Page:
How Important is Structure?
Conventional wisdom in high school and college athletics is that athletes perform better in the classroom during their season. But is it true?
The argument goes something like this: The season offers more structure in the academic lives of student-athletes which leads to better academic performance. It makes sense.
Grades Go Up When Practice Time Goes Down
However, in a series of studies of over 10,000 college athletes across Divisions I, II, and III, the results revealed something altogether different. What these separate studies all showed was that students do better in the classroom outside of their season of competition. And the sports with high in-season demands–football, baseball, softball–had the highest correlation with an in-season negative performance.
These separate studies also concluded that those students who were less well prepared academically upon entering college suffered disproportionately from low academic performance.
Overall Athletes Do Better
These studies can be instructive on some level and if it can help an athlete or parent to make a positive adjustment then this is a good thing. But what has also become increasingly clear is that both high school and college athletes, on average, do better in the classroom.
There can be a variety of reasons of this, including, as mentioned, time that is very structured. This gives student-athletes a special ability to focus, even if it is only because they have to in order to survive. Many athletes also learn superior study habits and time-management out of necessity as well.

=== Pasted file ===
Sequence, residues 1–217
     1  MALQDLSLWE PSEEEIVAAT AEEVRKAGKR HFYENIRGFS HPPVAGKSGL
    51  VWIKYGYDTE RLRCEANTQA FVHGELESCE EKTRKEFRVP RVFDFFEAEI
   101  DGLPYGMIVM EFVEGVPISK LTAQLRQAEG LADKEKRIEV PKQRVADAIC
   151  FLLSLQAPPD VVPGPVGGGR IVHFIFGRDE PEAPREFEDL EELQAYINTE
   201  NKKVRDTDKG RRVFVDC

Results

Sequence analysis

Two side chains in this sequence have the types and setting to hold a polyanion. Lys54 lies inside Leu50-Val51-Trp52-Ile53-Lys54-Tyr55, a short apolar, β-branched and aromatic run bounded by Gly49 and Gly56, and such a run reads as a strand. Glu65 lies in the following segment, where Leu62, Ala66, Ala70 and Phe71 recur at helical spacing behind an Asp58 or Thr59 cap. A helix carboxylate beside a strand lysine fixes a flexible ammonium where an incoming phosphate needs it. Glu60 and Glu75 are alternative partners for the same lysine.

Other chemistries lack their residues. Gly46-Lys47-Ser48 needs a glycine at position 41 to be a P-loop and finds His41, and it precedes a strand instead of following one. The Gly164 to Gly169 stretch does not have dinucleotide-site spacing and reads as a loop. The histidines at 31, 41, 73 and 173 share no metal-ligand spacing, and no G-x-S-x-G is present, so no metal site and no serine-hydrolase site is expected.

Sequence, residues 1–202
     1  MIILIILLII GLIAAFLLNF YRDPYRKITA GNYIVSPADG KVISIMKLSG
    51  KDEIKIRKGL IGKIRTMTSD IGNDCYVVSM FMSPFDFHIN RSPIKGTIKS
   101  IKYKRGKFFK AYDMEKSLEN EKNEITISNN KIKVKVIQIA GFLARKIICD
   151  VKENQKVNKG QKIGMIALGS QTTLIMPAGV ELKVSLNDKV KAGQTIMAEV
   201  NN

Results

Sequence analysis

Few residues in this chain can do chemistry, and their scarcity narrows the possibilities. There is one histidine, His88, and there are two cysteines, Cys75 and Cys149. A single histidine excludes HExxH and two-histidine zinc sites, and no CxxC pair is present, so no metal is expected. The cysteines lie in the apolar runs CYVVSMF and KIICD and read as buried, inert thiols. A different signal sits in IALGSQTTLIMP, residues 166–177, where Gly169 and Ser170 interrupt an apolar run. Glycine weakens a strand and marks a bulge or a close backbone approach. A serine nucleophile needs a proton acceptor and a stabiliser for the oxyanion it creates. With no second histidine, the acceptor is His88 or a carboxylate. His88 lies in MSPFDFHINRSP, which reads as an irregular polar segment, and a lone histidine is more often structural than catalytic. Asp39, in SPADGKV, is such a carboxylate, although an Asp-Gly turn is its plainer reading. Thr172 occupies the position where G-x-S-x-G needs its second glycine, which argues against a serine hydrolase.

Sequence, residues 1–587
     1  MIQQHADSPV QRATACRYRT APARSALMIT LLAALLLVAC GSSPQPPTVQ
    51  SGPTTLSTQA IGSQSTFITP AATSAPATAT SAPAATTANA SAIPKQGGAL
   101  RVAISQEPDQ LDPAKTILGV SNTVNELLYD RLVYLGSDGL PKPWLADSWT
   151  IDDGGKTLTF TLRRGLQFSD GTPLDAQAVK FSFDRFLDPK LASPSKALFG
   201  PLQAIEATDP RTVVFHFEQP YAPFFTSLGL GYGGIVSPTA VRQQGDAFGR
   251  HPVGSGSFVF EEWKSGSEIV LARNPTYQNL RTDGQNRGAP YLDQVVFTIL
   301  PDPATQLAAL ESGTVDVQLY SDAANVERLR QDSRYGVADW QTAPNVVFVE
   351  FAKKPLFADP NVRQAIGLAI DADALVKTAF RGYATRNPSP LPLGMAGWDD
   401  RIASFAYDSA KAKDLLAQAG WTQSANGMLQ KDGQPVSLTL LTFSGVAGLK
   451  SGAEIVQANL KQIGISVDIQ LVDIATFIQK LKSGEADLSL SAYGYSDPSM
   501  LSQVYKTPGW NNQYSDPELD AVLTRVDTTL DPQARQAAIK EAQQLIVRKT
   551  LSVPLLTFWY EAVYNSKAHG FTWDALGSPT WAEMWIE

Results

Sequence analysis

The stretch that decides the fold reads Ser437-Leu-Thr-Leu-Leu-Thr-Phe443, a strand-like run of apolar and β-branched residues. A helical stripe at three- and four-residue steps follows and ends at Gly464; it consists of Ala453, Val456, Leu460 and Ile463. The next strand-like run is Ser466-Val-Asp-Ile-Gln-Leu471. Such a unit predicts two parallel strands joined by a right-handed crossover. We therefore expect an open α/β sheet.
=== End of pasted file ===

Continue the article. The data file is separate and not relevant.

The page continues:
A Positive Attitude
There are some trends that both parents and college-bound athletes should be made aware of. The first, and perhaps most important, is that incoming college freshman athletes almost always enter college with an idealistic outlook with optimistic goals about their future academic careers.
A Change Over Time
What happens, though, is that college athletes become progressively more detached as the realities of balancing classroom, athletic and social realities come into focus. The result is that many college athletes feel compelled to abandon their previous lofty goals and simply accept inferior academic performance.
Don’t Let This Happen to You
Now is a good time for parents and prospective college athletes to realize that being a student-athlete has special and unique challenges. Athletes need to pay particular attention to always making academics a priority. The alternative for scholarship athletes is having nothing to show for all the hard work that went into getting into a college in the first place.
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